A change in lifestyle, diet and incorporation of exercise is essential as it sets the foundation for modifying the other behaviours involved in the other risk factors listed below. By controlling what you eat and the amount consumed, an initial goal of 10% weight loss can be targeted with a final target of decreasing BMI to < 27. The purpose of losing this weight is because it lowers the risk of developing AF.
Exercising for 30 minutes approximately 3 to 4 times per week (totalling 120 mins) has decreased the risk. However, increasing the difficulty of the exercise (intensive exercise at 85-90% Heart Rate reserve) and increasing the amount of exercise to 250 minutes a week have been shown to have better outcomes in decreasing the risk of AF.
Hyperlipidaemia occurs when high levels of fats (lipids) are in the blood. These fats (cholesterol) flow through the blood and can cause blockages in the blood vessels, leading to heart disease, heart attacks, stroke and peripheral artery disease. Total cholesterol can be controlled via diet, medication and exercise. The recommended cholesterol levels in a healthy adult are:
- Total cholesterol: 125 to 200 mg/dL
- Non-HDL: Less than 130 mg/dL
- LDL: Less than 100 mg/dL
- HDL: Less than 40 mg/dL
- Triglycerides: Less than 150 mg/dL
The control of LDL (Low-density Lipids) and total cholesterol is essential.
3. Obstructive sleep apnea
Obstructive Sleep Apnea is a common sleep-related breathing disorder that occurs when there are repeated occurrences of partial or complete obstruction of the throat during sleep. This may cause vibrations in the throat during sleep, and snoring occurs. These occurrences can cause the person to wake up choking and struggling for air. Thus, limiting the amount of quality sleep, they may be able to achieve. A sleep study is often required for diagnosis, and a continuous positive airway pressure (CPAP) machine may be needed for treatment.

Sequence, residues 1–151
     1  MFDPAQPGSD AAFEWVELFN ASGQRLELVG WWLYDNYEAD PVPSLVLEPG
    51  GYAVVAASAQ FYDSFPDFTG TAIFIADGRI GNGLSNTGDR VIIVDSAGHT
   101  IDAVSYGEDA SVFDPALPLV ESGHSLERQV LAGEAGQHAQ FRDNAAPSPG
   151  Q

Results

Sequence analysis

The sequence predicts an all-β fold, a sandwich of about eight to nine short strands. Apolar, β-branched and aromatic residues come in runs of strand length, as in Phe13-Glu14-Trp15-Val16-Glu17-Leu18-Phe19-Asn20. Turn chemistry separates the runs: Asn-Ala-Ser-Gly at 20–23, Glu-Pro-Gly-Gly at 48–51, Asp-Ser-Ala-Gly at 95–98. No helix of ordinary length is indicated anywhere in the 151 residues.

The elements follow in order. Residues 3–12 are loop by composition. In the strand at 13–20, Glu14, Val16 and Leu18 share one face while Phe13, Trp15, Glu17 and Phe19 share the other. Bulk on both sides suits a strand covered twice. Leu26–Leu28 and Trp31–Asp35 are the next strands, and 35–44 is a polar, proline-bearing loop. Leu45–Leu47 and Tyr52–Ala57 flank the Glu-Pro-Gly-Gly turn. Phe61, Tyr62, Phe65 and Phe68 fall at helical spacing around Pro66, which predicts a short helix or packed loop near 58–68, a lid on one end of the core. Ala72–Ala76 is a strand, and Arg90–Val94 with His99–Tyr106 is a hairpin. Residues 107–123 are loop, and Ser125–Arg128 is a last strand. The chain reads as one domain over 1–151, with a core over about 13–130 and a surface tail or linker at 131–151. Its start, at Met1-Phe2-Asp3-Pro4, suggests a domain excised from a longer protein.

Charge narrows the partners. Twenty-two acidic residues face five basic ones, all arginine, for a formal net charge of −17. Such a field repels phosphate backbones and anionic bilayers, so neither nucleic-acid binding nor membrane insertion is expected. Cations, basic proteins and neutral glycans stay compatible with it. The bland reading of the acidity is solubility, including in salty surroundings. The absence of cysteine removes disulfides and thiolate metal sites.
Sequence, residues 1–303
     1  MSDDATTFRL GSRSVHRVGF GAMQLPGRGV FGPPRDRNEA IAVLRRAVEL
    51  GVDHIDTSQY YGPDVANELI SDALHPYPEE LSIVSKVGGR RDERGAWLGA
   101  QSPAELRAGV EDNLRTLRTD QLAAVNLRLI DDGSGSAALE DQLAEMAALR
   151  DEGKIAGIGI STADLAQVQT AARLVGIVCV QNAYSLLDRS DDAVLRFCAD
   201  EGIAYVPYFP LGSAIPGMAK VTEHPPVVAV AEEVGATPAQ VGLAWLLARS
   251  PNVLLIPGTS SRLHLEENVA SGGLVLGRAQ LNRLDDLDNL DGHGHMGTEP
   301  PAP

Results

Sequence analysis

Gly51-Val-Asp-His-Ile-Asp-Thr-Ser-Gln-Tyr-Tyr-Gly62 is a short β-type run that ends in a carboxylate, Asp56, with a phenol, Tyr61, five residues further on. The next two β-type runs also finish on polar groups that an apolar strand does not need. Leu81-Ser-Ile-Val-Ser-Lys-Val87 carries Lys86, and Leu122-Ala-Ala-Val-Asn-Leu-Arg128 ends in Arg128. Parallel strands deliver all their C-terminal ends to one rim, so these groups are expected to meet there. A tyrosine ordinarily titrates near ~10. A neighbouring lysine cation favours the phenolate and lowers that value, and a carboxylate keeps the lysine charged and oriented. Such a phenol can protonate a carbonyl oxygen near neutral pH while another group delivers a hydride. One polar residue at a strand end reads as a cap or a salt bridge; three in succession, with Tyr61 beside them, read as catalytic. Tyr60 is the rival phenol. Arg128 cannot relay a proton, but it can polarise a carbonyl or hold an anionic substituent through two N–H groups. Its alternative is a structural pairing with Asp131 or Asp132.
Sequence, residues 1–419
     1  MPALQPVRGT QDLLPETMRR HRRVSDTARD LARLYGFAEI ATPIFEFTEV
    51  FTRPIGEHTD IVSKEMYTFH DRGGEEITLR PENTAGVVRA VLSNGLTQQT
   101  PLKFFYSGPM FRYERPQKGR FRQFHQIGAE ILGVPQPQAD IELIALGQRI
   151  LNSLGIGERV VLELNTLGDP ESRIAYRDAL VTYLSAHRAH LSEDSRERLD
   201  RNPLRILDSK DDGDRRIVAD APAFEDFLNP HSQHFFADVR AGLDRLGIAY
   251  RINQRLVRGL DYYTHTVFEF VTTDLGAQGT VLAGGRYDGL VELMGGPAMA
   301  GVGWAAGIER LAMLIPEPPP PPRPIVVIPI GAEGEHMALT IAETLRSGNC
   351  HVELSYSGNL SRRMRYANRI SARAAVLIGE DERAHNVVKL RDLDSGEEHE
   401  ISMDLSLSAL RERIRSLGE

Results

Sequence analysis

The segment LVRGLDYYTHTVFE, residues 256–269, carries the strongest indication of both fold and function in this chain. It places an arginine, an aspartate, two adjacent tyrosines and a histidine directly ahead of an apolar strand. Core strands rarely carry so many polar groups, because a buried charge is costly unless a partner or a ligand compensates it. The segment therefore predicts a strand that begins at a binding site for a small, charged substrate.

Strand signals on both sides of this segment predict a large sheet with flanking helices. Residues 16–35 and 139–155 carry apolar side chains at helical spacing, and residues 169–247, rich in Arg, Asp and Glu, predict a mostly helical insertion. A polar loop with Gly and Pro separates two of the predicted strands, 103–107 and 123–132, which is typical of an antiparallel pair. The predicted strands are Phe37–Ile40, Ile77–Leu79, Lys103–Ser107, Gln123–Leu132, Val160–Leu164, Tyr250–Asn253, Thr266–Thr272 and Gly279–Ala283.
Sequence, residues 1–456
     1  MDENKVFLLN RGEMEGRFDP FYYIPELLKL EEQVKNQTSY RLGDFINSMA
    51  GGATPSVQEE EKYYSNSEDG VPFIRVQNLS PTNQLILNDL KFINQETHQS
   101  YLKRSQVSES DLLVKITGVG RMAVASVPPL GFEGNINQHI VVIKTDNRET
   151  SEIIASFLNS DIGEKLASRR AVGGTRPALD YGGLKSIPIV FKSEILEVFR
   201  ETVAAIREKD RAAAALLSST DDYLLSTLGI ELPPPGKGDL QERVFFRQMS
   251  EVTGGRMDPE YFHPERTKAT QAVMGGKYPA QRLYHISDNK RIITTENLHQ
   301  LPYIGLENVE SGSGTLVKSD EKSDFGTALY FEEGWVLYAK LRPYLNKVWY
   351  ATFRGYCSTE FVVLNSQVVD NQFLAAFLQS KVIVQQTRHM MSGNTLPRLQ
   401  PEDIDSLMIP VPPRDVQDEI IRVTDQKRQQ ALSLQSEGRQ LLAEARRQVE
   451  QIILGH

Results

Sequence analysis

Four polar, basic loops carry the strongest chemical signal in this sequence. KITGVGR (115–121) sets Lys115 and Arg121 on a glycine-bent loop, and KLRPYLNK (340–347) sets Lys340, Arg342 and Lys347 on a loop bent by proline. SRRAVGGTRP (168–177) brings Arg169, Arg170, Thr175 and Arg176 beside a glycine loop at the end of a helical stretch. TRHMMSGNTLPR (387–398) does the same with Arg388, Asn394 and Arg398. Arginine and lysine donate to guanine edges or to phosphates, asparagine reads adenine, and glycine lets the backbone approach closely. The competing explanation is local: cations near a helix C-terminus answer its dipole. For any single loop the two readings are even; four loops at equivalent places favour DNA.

Hypertension is when the blood pressure is more significant than 130/80 mmHg. This occurs when the pressure in the body’s arteries is being pumped at a higher rate than usual, causing the heart to work harder. This added stress on the heart can cause an increase in heart attacks, stroke and other heart-related diseases. Changes to diet (salt), weight management, exercise and limiting smoking and alcohol are modifiable risk factors that can reduce blood pressure. Medication can also be taken to lower blood pressure.
Diabetes occurs when the body has trouble turning glucose (a type of sugar) into energy. This build-up of sugar in the blood can cause various diseases in the body. These diseases include heart disease, stroke, high blood pressure, foot complications, vision complications, and kidney disease. Blood glucose monitoring is required to maintain sugar levels at a healthy level. Depending on the type of diabetes, possible treatment options include insulin replacement, medication and lifestyle changes such as diet and exercise.
6. Smoking and alcohol
Stopping or reducing smoking and alcohol are critical factors in reducing the risk of AF atrial fibrillation and other related diseases and conditions. Strategies can be obtained via consultation with your GP or pharmacists, and using services and resources such as Quitline and Drinkwise will be valuable in reducing the intake.
Final thoughts on atrial fibrillation
Taking steps to reduce or eliminate these risk factors will help reduce the risk of developing AF.
Additionally, it is essential to seek medical advice if you experience any of the symptoms associated with AF.
Book an appointment with us today! Our team of experts will lead you down the best treatment path for your condition.